GI is a unique sign helping in the documentation of goods in the market. It can act as an effective marketing tool if handled properly. Since it aims at safeguarding goods from brand falsification and inauthenticity it therefore helps consumers by providing them sufficient and proper information regarding the definite origin and attributes of the goods. Accordingly, it will help handicraft users by offering them adequate knowledge pertaining to origin and attributes of their craft. GI registration which is accompanied by certification and labelling shall facilitate quality guarantee of these products coupled with the right to use the indication to stop its exploitation and misuse by unauthorised users or a third party whose product fails to adhere to the valid standards. It will definitely improve the handicraft sector (especially quality and marketing).
Department of Commerce, Ministry of Commerce & Industry, Government of India shall provide sufficient funding in order to develop a Testing-cum-Research-cum-Certification Centre for GI labelling and branding of products. For GI certification of carpets, the Government is in the process of advancement of the existing lab in the Indian Institute of Carpet Technology (IICT), Srinagar which provides necessary technical backing to the carpet industry of the erstwhile Jammu and Kashmir state. Authorities claim that GI certification shall boost export of legendary handicrafts products from Jammu & Kashmir and also reduce the sales and profits of fake, adulterated, and machine-made products in the name of handmade genuine products. Recently the Government of India directed all the administrative departments in erstwhile J&K to put forward a comprehensive framework of products that demands registration of Geographical Indication in order to strengthen indigenous industries producing local goods well-known for their excellence, characteristics, and name. Now, it is very important for all administrative departments that they develop a holistic model of their GI registered goods so that their export and marketing at both national and international markets gets better. The model should take account of characteristics, demand, and export of these goods. In addition, it should be a classic model of development because safeguarding GI as a model of growth and development will have dual effect: On one hand it will have the capacity to provide maximum social advantage to the region of its origin and on another hand, it will generate gainful employment to several different segments of the population apart from producers and end-users. Furthermore, it will strengthen our culture and traditions thereby making us aware about our roots and providing suitable knowledge about our old legendary goods that act as our assets and real wealth.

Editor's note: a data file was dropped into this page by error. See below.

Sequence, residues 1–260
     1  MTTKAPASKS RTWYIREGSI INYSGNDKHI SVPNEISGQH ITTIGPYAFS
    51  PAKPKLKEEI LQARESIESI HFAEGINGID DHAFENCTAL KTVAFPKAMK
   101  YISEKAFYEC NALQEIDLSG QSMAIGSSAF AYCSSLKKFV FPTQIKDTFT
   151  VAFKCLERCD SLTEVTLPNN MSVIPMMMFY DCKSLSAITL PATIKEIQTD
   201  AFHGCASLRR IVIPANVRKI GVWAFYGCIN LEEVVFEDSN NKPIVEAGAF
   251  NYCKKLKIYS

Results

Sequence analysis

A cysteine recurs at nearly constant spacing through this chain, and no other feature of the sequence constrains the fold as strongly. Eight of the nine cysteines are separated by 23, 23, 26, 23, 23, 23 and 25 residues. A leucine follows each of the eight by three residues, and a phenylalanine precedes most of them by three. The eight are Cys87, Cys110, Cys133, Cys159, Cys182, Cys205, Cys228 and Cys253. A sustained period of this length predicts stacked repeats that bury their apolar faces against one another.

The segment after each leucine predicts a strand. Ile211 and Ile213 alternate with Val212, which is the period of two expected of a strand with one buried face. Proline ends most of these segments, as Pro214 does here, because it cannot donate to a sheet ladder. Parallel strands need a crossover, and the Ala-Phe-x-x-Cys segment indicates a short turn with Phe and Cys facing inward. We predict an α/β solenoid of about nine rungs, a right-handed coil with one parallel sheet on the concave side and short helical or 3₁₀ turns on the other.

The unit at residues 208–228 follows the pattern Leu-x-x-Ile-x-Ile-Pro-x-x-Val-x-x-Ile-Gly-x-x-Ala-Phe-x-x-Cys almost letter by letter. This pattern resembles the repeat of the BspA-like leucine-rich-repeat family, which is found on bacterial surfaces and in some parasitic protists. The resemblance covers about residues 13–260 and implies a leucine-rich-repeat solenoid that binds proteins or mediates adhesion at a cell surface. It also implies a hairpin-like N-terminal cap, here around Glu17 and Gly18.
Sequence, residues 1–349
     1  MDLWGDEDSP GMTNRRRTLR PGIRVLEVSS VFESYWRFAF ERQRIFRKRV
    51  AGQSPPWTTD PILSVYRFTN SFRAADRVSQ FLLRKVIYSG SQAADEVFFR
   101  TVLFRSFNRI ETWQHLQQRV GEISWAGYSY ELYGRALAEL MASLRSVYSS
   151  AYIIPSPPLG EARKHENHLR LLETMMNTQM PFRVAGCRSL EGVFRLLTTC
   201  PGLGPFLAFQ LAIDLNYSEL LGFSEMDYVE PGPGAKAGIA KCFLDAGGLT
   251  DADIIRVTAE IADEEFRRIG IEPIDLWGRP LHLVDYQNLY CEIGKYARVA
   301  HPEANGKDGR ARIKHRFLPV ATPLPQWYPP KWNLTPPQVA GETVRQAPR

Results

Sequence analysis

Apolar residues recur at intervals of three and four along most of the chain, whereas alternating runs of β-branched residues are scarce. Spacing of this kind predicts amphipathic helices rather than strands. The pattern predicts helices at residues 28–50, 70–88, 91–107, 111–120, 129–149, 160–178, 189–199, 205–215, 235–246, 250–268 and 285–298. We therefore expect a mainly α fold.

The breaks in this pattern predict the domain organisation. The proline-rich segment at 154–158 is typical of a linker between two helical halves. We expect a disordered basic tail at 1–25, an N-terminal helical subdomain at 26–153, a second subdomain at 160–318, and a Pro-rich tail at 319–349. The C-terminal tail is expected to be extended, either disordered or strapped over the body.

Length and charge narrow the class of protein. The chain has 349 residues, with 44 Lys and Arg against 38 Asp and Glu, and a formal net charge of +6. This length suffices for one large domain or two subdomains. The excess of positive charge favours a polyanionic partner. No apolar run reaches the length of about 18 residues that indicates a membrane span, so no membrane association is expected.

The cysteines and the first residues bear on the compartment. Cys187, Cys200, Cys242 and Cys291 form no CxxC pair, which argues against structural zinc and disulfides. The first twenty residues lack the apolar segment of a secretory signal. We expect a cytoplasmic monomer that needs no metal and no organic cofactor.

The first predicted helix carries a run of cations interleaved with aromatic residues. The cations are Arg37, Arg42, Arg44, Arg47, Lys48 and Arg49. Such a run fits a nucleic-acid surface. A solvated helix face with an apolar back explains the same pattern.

All high value commercial goods in general and indigenous goods in particular should get the chance of GI labelling. Commercial goods and crops are produced by and large for profits. They are an essential part of sustainable growth and development. Moreover, they generate income and employment for farm households which aids them to invest and save in a better and more efficient manner. GI on cash and commercial crops will have a catalytic outcome on agriculture reforms and innovations adding utility and value in agriculture and its allied areas.
Binish Qadri is ICSSR Doctoral Fellow in the department of economics, Central University of Kashmir; Quarterly Franklin Member, London Journals Press.